After much rescheduling and going through the list of alternate lunch buddies, my friend and I finally made the trip to the Sandbar in Marsing. Nestled alongside the Snake River, the Sandbar offers a mix of aptly named, locally inspired cuisine and neighborhood restaurant standards. The drive allows time for conversation and the relaxed atmosphere of the patio overlooking the river provides an ideal setting for more talk.
Our hostess greeted and seated us promptly, proffered ice water and house croutons, which she suggested were as addictive as potato chips, and invited us to peruse the lunch menu. The croutons were delicately seasoned, perfectly crunchy and full of buttery goodness. Word-of-mouth required we start with an appetizer of frog legs, despite my friend's reservations. Pan-fried in a lightly spiced batter (was that paprika?), the frog legs were enjoyable. The texture reminded me of a firm fish, but they did certainly "taste like chicken." I discovered that I'm a thigh man as opposed to a calf man. Who knew? The Sandbar's fixture condiment is sweet and hot mustard, and it pairs well with most menu options, including the frog legs. In addition to the frog legs, we ordered the Sandbar soup, a partially pureed beef and vegetable stew. Delicious alone, it also a welcome home for the croutons.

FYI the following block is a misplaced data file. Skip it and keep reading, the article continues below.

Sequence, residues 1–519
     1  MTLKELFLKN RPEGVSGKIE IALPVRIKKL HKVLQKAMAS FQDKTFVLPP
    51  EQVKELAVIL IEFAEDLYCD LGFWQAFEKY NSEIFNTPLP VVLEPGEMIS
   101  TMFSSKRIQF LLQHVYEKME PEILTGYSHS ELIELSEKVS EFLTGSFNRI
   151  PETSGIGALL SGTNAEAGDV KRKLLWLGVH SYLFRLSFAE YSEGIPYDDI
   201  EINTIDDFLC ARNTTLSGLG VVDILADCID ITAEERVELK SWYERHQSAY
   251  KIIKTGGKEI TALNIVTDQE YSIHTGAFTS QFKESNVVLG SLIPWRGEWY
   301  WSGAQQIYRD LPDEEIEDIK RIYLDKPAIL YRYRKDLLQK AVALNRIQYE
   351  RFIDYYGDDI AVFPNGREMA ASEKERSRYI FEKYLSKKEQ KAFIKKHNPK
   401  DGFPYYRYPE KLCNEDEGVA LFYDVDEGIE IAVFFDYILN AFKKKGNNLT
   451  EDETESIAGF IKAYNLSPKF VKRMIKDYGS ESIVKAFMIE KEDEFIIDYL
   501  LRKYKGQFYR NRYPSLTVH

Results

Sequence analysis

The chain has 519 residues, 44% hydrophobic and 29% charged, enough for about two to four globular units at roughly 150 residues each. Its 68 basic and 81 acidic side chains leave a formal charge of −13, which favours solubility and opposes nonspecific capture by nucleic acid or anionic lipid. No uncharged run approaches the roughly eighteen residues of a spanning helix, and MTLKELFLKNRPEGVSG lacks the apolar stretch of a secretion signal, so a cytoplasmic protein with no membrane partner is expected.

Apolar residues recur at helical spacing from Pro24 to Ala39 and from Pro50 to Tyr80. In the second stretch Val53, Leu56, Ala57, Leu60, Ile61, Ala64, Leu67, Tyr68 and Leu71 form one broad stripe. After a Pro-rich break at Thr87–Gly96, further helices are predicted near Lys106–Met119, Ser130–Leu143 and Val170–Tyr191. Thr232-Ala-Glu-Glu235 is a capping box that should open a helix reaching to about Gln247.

The lunch special consisted of a chicken-fried chicken sandwich with house steak fries, which I had no qualms ordering. My friend chose the fish and chips. Nothing quite matches cold beer on a warm day with good food and good company, and the Sandbar has an adequate beer selection. However, their wine list shines with selections from local and visible-from-our-table vineyards. Our meals arrived in perfect sequence following the soup and legs. The chicken-fried chicken dwarfed the bun upon which it was served--in retrospect, I have reason to believe that it was bigger than my hand and only slightly smaller than my face. The steak fries were mammoth, leaving no doubt as to their proud state origins. I would have preferred them a bit crispier, but they were tasty nonetheless. The fish, a nicely battered slab of halibut, possessed a subtle sweetness, accentuated by accompanying twists of orange and lemon. Mayo unfortunately dominated the tartar sauce, but what can you do? Save room for dessert.
For dessert, we split a healthy portion of homemade blueberry peach pie with ice cream. The rich, frozen vanilla goodness melted over the freshly baked pie, and I left a happy man.
--Matt Gelsthorp, for some reason, is a frog thigh man.